Originally Posted by Mattbod
Making something 'accessible' implies adapting it for a different target audience so that it is easier for them to absorb, and it isn't intellectual snobbery to point out that one is not of that audience and that one wants something different.
The problem with the Schubertfest was that there were no clear signposts: a weekly programme about Schubert by Graham Johnson and friends would have stood out in the normal schedule as of outstanding quality and been something to follow. The jingles are there to act as a station/event ident for people who are tuning in randomly without no real idea of what's on. Their omnipresence gives the impression of an undifferentiated mass. Sandwiched between Schubert and Schubert, Graham Johnson and friends get lost.
I suggest that it's more than a perception: it's an expression of a value placed in 'something much more complex, more profound, more detailed, more beyond the usual' which has intrinsic cultural significance. Although we (on these boards) can be accused of conservative nostalgia, it is a longing (Sehnsucht!) for that value embodied in the style of the former station - comfortable with the expression of a profoundly affectionate, mildly academic love and respect for the music and its composers.
Originally Posted by french frank
I think 'dumbing down' means something more negative to me. It means the things that I can't cope with: I can't cope with chart shows, homogeny, chatter, repetitiousness, celebrity, ingratiation, vox pops, advertising.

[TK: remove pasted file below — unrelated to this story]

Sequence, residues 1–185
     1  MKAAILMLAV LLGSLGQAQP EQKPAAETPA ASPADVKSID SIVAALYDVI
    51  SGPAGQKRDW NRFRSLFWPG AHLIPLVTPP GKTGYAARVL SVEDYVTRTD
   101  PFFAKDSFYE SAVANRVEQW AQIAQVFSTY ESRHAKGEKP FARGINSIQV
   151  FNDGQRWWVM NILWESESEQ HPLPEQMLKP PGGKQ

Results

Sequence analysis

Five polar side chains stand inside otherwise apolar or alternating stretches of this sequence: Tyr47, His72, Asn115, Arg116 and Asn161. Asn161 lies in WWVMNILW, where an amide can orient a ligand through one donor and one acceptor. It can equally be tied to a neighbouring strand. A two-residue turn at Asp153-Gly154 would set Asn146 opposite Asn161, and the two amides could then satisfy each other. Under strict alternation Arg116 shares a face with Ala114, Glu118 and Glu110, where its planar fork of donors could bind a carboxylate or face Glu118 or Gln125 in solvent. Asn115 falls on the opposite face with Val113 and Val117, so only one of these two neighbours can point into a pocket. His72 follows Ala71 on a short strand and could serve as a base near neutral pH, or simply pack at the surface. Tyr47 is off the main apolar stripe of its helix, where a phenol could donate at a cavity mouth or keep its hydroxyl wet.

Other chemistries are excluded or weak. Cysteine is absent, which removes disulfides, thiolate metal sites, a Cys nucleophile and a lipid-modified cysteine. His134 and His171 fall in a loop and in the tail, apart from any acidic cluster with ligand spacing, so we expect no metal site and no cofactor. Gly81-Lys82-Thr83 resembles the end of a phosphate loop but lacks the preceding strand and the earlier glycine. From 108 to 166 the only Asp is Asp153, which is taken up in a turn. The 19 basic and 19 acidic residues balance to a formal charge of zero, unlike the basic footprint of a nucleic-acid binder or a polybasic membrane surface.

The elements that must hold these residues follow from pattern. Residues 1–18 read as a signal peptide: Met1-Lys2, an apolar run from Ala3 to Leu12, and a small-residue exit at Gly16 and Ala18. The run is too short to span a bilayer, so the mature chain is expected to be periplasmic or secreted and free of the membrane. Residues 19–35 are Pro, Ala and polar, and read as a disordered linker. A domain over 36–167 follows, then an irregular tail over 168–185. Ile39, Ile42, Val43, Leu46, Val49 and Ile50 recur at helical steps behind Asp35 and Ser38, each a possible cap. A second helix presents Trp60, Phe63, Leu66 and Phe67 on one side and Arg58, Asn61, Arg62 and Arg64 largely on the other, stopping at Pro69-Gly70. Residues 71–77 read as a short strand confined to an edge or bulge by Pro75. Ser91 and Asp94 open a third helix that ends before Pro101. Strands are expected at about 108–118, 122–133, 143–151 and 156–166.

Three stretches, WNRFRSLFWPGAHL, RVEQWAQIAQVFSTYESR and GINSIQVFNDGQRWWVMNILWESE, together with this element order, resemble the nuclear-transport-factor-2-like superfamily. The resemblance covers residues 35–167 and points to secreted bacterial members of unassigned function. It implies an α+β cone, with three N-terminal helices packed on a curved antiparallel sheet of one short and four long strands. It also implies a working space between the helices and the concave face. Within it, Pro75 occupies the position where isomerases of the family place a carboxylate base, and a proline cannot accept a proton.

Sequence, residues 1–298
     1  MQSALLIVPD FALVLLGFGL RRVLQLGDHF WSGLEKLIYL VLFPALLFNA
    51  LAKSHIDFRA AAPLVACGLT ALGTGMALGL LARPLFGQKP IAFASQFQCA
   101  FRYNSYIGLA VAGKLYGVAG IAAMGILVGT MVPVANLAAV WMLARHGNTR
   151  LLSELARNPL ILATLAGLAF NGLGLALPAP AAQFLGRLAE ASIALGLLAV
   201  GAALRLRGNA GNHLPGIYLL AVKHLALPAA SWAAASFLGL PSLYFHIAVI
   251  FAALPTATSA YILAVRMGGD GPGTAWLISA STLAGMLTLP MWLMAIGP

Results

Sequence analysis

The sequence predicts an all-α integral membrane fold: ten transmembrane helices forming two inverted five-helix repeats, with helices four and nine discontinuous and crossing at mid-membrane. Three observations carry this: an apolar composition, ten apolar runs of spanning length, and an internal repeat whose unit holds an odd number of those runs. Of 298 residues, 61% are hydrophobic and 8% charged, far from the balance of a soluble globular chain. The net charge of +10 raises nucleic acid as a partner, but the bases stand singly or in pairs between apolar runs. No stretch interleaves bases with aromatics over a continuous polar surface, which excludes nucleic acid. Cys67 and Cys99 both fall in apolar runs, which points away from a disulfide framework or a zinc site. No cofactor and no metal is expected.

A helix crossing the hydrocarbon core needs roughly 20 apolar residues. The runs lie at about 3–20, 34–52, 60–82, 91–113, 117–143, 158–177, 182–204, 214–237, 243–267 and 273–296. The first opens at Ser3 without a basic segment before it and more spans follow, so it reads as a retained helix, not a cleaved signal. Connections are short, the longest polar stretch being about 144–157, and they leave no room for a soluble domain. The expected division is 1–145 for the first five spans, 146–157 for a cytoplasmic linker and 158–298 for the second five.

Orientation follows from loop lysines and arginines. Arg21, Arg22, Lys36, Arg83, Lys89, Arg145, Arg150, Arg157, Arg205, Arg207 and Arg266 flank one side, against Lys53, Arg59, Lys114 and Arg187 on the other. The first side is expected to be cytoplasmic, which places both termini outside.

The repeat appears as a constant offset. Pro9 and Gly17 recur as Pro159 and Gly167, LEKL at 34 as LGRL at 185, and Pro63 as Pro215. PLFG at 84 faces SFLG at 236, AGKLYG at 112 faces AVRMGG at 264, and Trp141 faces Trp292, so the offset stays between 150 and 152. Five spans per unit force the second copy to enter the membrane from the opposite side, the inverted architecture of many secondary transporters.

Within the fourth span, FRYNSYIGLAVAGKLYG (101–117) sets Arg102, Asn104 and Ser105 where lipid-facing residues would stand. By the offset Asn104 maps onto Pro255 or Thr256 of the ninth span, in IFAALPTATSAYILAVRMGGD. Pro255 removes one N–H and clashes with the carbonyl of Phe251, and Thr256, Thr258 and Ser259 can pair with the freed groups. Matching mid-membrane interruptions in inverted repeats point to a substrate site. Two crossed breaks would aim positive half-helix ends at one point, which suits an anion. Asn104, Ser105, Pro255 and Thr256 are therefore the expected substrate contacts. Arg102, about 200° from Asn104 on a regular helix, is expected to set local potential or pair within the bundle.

Originally Posted by french frank
At the same time, I think back to all those Horizon programmes I watched as a young man and failed to understand. No chance of me coming away overburdened with knowledge from Horizon now. The programme is comprehensible but isn't very stimulating because it goes on for so bloody long. It could achieve its end just as well by stating 3 facts about a subject 3 times and have the whole thing done with in 10 minutes.
I have a sense that dumbed down TV, radio or anything else is for people who aren't actually interested in anything. It's defeated the purpose of entire services for some of us and I no longer have a TV.
I think this confuses the idea of accessibility with simplifying for mass consumption , I would deliberately NOT use the phrase "dumbing down" as like "PC" it seems to be applied in such a scatter gun approach to be meaningless. Why confuse accessibility with "lowering" ? The primary school students I worked with in January where we were exploring the ideas and music of Xenakis seemed more than comfortable with this music without it being "lowered" so they could "understand" it. The rather wonderful Stephen Newbold chief executive of the BCMG has a great way of describing what they do as being available (i.e accessible) for anyone but not necessarily FOR everyone, some might experience it once and decide that it's not their thing , which is fine. Poorly delivered music in the name of access helps no one.
Originally Posted by tijran